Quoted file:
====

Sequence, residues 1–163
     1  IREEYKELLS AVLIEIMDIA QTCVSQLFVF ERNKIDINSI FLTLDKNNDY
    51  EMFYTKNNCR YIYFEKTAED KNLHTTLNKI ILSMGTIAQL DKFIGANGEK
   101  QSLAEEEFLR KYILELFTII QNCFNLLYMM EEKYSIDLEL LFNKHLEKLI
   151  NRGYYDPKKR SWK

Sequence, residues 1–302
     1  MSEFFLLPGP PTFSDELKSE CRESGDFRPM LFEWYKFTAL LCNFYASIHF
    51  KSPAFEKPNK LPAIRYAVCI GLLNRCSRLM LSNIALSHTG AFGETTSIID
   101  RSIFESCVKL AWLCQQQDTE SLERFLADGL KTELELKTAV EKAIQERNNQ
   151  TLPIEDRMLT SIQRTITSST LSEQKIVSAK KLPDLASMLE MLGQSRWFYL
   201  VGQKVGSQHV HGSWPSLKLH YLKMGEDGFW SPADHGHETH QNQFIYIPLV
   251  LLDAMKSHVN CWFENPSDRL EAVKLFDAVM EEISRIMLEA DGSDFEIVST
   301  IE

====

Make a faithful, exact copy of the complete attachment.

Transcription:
Sequence, residues 1–163
     1  IREEYKELLS AVLIEIMDIA QTCVSQLFVF ERNKIDINSI FLTLDKNNDY
    51  EMFYTKNNCR YIYFEKTAED KNLHTTLNKI ILSMGTIAQL DKFIGANGEK
   101  QSLAEEEFLR KYILELFTII QNCFNLLYMM EEKYSIDLEL LFNKHLEKLI
   151  NRGYYDPKKR SWK

Sequence, residues 1–302
     1  MSEFFLLPGP PTFSDELKSE CRESGDFRPM LFEWYKFTAL LCNFYASIHF
    51  KSPAFEKPNK LPAIRYAVCI GLLNRCSRLM LSNIALSHTG AFGETTSIID
   101  RSIFESCVKL AWLCQQQDTE SLERFLADGL KTELELKTAV EKAIQERNNQ
   151  TLPIEDRMLT SIQRTITSST LSEQKIVSAK KLPDLASMLE MLGQSRWFYL
   201  VGQKVGSQHV HGSWPSLKLH YLKMGEDGFW SPADHGHETH QNQFIYIPLV
   251  LLDAMKSHVN CWFENPSDRL EAVKLFDAVM EEISRIMLEA DGSDFEIVST
   301  IE